ADVERTORIAL | Technology can help food distribution and security-September 9, 2020

Robert Kibo Thompson

KINGSTON, Jamaica -September 9, 2020:There was a time when the phrase “food distribution and technology” meant cold storage and transportation. However, that term has taken on new meaning, especially in light of the COVID-19 pandemic, which restricts persons’ movements and interactions.

Established in July 2020, OEXONE is an online platform which allows farmers, manufacturers, and even retailers to upload and list their crops and products. They then take orders; deliver and receive payments directly into their bank accounts from buyers around the world. OEXONE, which stands for ‘One Economic Exchange’, was established as a non-denominational, non-regional platform of trade and commerce; and manages payment services to handle local, cross-border import and export transactions.

“I saw a significant opportunity to create value by launching a platform which simultaneously supports businesses and the community; as well as Jamaicans in the diaspora, institutional investors and local persons, in a fair and secured environment to generate ‘economic empowerment for everyday people’,” said founder, Robert Kibo Thompson.

“Since launching the platform,, we have seen younger farmers coming on board, because they see technology as being critical when it comes to distributing food and also food security. They are looking at how technology can give them better leverage to greater market access and also payment,” he added.

Mr Thompson explained that the platform, which was 10 years in the making, along with other technologies, can benefit Jamaica in terms of food security and distribution.

“OEXONE sees that monitoring climate and data processes, using tools that connect specific institutional data points with stakeholders and producers, will provide the leverage we need to have a proper food security strategy that works for all. We have embraced innovation by deploying the latest technologies to transform traditional food security systems and increasing capacity to trade competitively in the global value chain,” he stated.

Mr Thompson believes that the link between technology and food distribution has become even more important at a time when the COVID-19 pandemic has affected how people purchase food.

“COVID exposed the reality that there is a food security issue. Therefore, we need to ensure that food gets to everyone safely and as affordable as possible. This is why we have been using our network, to assist customers and vendors to manage their goods most efficiently, throughout their supply chains,” he explained.

Krishna Badaloo, Director of Agribusiness and Marketing Distribution, Agricultural Services Unit in the Ministry of Industry, Commerce, Agriculture and Fisheries, notes that technology also has a role to play in assisting farmers with their crops.

“Technology can assist farmers from a software standpoint, as well as in terms of analytics and data collection. The farmer can use data to know which crop to plant and the quantity, in order to ensure that he is providing the right amount to the market. This data-driven approach would also help with distribution, as he would know what specific produce his markets would need,” he explained.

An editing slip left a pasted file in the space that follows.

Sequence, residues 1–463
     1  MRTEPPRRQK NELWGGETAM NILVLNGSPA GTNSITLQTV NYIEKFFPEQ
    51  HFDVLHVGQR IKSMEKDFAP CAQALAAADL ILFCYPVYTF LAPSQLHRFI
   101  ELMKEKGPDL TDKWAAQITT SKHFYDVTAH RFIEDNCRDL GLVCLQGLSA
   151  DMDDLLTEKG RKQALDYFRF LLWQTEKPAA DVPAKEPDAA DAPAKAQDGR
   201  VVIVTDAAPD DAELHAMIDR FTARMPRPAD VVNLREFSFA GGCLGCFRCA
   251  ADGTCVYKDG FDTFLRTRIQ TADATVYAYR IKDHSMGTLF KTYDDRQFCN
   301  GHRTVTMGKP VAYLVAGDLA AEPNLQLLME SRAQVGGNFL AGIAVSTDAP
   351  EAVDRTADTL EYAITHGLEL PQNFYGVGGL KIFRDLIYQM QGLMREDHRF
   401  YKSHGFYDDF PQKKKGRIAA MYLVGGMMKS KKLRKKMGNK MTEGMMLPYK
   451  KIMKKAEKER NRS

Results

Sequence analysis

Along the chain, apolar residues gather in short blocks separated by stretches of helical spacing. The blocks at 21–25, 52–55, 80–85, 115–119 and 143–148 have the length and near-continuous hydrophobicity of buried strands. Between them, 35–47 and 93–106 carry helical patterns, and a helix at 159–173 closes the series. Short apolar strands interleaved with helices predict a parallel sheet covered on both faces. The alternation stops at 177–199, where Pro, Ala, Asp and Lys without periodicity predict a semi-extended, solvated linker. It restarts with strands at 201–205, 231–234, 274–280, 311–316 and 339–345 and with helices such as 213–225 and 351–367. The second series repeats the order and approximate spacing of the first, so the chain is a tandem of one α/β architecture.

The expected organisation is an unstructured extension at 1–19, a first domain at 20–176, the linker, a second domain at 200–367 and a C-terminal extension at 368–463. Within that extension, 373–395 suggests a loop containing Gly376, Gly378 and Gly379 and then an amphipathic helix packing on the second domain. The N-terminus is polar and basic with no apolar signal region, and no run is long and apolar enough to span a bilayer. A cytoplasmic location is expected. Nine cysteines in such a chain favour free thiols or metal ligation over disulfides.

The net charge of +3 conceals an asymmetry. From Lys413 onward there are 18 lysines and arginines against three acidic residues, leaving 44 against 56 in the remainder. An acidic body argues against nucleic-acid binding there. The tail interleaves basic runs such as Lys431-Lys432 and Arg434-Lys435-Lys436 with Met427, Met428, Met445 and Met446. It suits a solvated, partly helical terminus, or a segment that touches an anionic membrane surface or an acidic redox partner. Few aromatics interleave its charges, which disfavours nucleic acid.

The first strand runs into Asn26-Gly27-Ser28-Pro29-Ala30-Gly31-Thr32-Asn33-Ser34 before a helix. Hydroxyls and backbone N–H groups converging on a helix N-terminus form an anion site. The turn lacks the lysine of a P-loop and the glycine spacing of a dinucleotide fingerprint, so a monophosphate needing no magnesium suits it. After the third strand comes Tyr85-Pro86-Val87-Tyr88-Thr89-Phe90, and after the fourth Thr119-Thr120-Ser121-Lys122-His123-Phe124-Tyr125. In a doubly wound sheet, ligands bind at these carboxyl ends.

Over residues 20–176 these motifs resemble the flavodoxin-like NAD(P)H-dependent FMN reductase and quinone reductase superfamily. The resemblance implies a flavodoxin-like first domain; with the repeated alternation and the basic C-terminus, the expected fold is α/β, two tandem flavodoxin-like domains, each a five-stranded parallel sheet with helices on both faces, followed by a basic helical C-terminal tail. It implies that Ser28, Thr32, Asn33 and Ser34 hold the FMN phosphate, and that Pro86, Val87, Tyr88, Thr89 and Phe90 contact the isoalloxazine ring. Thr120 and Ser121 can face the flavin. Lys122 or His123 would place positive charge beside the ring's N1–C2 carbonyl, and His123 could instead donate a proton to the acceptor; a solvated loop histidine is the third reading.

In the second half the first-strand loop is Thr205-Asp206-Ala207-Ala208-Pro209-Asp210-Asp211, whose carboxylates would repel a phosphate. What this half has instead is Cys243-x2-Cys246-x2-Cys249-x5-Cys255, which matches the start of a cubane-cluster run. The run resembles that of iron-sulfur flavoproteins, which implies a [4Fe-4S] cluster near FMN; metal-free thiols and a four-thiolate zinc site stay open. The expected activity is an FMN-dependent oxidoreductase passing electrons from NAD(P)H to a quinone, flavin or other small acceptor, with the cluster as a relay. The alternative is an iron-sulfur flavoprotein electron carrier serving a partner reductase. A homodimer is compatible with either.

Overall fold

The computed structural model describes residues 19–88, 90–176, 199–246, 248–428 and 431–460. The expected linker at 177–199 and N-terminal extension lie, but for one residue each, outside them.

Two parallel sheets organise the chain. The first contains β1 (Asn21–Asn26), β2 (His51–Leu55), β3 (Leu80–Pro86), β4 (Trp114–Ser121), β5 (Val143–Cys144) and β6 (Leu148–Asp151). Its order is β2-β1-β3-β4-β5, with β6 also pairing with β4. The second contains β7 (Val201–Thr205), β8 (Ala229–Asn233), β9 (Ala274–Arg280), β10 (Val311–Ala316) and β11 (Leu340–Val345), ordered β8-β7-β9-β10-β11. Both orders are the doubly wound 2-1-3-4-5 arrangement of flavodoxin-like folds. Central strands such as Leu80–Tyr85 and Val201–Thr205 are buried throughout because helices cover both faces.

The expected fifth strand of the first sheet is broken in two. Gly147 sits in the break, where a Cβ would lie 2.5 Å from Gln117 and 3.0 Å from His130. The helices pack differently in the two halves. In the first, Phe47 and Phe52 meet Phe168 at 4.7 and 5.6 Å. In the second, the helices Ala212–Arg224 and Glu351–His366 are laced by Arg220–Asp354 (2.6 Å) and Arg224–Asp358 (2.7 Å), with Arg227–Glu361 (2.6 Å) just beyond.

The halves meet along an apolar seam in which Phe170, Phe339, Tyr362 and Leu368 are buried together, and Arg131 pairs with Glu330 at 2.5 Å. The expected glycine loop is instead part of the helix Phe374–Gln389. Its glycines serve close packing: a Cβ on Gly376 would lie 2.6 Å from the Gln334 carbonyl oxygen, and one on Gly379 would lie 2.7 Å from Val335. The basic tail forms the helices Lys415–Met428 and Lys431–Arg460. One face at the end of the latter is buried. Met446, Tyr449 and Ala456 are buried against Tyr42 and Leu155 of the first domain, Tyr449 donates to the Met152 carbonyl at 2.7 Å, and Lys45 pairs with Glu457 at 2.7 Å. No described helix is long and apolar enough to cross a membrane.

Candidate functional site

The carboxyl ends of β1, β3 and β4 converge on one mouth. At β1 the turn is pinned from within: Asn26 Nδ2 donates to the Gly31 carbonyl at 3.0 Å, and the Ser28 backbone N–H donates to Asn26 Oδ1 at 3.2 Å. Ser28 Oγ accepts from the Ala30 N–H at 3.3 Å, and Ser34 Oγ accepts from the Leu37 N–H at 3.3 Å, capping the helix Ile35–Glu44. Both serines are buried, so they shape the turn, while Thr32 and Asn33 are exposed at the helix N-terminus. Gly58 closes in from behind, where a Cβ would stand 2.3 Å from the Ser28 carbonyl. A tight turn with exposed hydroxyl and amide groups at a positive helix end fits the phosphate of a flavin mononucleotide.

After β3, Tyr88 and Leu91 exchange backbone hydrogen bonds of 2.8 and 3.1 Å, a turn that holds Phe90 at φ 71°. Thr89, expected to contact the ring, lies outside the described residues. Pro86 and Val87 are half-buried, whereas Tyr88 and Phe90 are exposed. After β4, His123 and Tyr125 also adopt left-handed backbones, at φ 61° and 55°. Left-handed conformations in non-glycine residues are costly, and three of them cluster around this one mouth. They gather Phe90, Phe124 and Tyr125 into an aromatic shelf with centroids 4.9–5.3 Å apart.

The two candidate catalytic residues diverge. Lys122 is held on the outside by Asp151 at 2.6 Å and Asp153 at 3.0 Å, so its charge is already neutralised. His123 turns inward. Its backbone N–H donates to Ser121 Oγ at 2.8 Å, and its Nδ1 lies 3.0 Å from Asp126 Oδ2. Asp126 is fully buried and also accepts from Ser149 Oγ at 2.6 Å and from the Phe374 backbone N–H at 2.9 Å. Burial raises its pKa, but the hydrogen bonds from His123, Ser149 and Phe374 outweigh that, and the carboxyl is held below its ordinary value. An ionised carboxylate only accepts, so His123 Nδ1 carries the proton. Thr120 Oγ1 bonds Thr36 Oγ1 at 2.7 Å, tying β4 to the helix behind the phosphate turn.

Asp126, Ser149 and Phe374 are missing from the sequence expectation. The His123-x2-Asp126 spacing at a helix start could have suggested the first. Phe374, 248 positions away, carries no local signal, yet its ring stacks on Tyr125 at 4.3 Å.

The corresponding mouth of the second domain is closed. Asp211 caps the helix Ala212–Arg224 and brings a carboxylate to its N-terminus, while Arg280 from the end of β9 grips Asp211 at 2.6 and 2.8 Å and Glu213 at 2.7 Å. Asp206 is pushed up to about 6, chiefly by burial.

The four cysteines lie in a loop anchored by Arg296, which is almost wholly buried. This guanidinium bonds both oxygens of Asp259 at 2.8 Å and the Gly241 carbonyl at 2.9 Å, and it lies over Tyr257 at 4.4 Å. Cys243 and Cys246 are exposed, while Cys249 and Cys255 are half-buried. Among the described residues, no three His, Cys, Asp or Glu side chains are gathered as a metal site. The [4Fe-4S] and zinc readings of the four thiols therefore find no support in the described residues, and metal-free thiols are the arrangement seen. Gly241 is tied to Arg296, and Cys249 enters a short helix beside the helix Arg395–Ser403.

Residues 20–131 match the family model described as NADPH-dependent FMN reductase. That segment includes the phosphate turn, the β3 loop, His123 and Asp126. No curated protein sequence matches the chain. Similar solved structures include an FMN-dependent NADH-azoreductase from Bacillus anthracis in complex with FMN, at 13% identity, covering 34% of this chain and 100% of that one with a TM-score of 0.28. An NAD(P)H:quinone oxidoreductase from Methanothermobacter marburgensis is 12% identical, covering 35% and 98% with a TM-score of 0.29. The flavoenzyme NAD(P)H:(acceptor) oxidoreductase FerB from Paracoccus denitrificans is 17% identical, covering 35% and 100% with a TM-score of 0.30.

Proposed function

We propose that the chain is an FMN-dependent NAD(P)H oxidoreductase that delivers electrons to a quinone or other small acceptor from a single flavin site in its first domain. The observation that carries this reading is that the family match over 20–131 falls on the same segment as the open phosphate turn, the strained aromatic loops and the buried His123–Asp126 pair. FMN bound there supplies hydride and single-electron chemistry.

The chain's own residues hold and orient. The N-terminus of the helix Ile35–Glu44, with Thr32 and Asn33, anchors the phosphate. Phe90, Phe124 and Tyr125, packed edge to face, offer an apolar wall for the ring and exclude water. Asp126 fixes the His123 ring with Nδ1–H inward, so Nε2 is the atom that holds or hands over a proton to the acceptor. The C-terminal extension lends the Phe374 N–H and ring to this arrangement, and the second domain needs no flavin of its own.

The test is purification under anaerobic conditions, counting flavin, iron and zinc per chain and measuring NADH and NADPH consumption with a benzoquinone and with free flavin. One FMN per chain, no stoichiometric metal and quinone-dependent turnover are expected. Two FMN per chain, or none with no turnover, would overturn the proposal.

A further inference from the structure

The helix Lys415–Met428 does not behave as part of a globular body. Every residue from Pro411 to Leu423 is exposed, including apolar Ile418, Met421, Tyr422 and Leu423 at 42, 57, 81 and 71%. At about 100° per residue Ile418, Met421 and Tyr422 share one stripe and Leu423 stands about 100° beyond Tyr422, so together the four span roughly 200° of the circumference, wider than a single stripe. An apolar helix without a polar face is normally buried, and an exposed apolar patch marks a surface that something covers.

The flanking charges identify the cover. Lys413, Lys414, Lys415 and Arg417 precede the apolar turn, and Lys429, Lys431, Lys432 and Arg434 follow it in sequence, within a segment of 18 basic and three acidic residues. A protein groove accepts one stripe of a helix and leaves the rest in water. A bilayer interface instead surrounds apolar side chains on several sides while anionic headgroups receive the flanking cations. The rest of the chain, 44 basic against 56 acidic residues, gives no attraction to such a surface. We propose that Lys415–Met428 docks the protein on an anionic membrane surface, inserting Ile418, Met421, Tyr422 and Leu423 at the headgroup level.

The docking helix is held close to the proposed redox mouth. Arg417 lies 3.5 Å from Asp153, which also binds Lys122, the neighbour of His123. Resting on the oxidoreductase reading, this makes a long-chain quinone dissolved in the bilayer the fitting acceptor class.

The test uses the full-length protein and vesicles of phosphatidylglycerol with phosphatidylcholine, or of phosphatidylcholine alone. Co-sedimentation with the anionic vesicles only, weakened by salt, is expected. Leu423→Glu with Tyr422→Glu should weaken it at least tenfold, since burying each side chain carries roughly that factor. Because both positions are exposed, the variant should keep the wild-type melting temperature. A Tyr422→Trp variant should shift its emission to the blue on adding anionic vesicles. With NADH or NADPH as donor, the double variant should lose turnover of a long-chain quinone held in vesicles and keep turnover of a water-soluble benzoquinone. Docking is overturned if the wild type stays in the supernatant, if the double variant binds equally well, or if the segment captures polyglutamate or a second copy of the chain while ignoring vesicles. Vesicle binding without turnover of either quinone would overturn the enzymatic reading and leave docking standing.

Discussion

He added that technology also plays an important role in food distribution, because it allows farmers and food distributors to employ the “value chain approach”, which would enable them to produce what the consumers want and need.

“Farmers would no longer plant randomly. Technology would allow them to produce crops to meet the needs of the consumer in Jamaica and the diaspora. For example, if Steve McDonald of in Canada informs them that there is a demand for more breadfruits, they would use the software to work out how much breadfruit is needed. This would help them to produce enough, and reduce wastage as well. In other words, you begin with what the consumers want and quantify it to what you grow on the farm.”

Collin Burgess, IT Infrastructure Manager at MC Systems, points out that technology can play an important role in food distribution, by allowing vulnerable groups to have access to nutritious meals.

“Software can be used to map where the need exists and what those needs are,” he explained. “It can also help in the planning effective harvests and post-harvest practices, to minimise food loss. Technology can also be valuable in determining the setting of competitive prices, so that persons can actually afford to purchase what they need.”

Mr Burgess added that: “Technology, such as the ‘Internet of Things’, will additionally assist with food distribution; and, by extension, food security.

“For example, John Deere has invested in technology to assist farmers to determine how best to distribute their crops across markets; and how the quality of soil affects what is planted. In other words, technology is enhancing how food is planted, distributed, and stored, which is good for all of us in the long run.”

With technology playing a greater role in food security and distribution, Mr Thompson maintains that online payment will also play an even greater role in the process.

“We have found that since launching OEXONE, there has been tremendous response as it removes the intimidating factor of e-commerce. It has removed the difficulty, and reduces the cost of setting up individual banking and payment gateway relations. We have integrated various technologies to ensure that it works and the response, both locally and overseas, has been good. Technology and food distribution are now twins. That link is here to stay,” he affirmed.

Jamaica Gleaner- KINGSTON, Jamaica -September 9, 2020

Tags: Branson, Branson Centre of Entrepreneurship, Caribbean, Chief Executive Office of the Branson Centre of Entrepreneurship, oexmarkets, OEXONE PLATFORM

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